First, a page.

They recommend using prevention like using condoms, to reduce the chance of getting Zika. Pregnant women are also advised to use condoms until they have given birth, or to practice abstinence.
The CDC, along with other public health partners continue to study the Zika virus and how it is spread. Their research efforts are trying to determine how common it is for Zika to be passed during sex by a man or woman, if Zika can be passed through saliva during deep kissing, and if Zika passed to a pregnant woman during sex has a different risk for birth defects than Zika transmitted by a mosquito bite.
Unfortunately, with the widespread of Zika, there are other developing complications arising from the virus. On Tuesday, August 30th, a report published by ‘Journal of Neurological Sciences’ identified that Zika’s effect may go beyond birth defects; causing neurological complications or even brain damage in adults. In the new case study, researchers indicated that a 62-year-old man, a Honduran national, became infected with Zika while traveling in Venezuela. He developed problems with his sensory nerves as the infection was active. His condition, sensory polyneuropathy, took several months to improve.
According to Dr. John England, Chairman of the World Federation of Neurology’s Work Group on Zika and Chairman of Neurology at Louisiana State University Health New Orleans School of Medicine, this is the first confirmed case of sensory polyneuropathy related to Zika infection. People who experience this condition may have a decreased ability to move or feel because of nerve damage.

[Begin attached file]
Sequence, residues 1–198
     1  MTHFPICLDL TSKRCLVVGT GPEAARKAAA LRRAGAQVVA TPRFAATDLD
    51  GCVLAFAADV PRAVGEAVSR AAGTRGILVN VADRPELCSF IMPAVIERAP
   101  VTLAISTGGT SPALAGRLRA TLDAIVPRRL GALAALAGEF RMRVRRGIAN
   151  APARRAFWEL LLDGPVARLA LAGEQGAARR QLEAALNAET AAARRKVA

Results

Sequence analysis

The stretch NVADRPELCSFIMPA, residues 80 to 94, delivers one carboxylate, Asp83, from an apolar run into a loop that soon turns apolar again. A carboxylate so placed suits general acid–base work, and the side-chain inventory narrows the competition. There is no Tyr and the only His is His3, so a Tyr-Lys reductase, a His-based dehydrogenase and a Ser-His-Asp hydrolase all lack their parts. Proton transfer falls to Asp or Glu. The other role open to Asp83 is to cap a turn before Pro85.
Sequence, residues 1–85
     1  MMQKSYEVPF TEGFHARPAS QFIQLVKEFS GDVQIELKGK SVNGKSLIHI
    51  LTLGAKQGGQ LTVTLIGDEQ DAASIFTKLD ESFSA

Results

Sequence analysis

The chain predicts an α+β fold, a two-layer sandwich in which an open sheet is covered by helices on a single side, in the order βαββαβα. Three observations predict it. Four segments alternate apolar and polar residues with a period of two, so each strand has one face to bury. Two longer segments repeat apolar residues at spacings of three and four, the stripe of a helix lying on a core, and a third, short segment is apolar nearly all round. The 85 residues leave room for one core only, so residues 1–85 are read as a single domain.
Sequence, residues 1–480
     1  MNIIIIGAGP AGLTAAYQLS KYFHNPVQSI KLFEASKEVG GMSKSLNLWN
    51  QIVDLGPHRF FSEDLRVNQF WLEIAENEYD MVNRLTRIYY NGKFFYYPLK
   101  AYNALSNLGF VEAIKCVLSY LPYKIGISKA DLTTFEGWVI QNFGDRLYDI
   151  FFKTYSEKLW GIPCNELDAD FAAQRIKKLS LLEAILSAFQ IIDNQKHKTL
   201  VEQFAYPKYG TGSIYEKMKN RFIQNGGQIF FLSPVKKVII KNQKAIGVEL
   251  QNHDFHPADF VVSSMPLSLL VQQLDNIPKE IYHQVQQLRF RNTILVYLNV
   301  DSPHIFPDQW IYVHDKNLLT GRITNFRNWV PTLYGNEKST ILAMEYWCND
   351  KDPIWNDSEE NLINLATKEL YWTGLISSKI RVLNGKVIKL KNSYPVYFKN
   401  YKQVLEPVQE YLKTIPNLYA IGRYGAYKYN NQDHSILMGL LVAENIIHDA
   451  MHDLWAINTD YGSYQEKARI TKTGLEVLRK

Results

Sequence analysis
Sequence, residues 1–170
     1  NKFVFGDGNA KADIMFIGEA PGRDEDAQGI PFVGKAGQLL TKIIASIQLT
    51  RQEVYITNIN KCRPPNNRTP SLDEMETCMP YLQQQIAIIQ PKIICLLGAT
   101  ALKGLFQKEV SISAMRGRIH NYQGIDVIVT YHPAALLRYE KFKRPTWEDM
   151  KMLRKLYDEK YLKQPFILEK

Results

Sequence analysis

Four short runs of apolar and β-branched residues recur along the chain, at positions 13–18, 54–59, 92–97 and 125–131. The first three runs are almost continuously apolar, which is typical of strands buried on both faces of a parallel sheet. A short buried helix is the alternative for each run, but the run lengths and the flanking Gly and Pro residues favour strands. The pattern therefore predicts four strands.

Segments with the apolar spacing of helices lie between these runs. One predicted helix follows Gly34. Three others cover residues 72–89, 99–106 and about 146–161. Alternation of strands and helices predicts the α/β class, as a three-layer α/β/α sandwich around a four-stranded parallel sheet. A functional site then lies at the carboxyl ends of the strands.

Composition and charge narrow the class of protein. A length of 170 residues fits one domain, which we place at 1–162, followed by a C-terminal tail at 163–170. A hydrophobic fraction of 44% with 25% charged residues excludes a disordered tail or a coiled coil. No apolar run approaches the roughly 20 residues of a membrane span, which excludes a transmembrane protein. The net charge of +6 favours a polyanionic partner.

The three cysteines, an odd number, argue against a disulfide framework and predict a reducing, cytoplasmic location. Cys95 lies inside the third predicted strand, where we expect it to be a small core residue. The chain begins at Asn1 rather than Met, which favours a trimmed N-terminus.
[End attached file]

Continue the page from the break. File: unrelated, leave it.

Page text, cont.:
In addition, Zika is known to cause conjunctivitis, redness and itchiness of the eyes. In rare cases, adults with the virus can develop uveitis, which can lead to permanent vision loss. Another study that was conducted at Washington University Saint Louis on Tuesday, September 6th found the virus in the tears of mice. In the trial, the infection was still present and live in the eyes of the mice a week later. Researchers are trying to discover whether or not humans can contract the virus if they come into contact with infected tears or bodily fluids.
In Belize, the MOH continues to encourage the general population to exercise control measures to prevent the further spread of Zika. It is known that these mosquitoes usually bite during the day, peaking during early morning and late afternoon/evening. Individuals can protect themselves from mosquito bites by wearing long sleeves and long pants, using repellents or mosquito coils, bed nets, and eliminating breeding spots.
The CHR is currently doing their best to prevent the virus from breaking into an epidemic by hosting health sessions to educate the public on how to prevent the virus. “We are now embarking on giving out insect repellents (primarily for mosquitoes); bed nets if they live in an area that is prone to having a lot of mosquitoes. We also ask the community to assist in getting rid of all the water-holding containers that may be around their properties. And if you can afford to put screens on your doors and windows, please do so,” ended Zuniga.
If you or someone are experiencing symptoms of Zika, or if you are a pregnant woman, please contact your local health care provider for further assistance.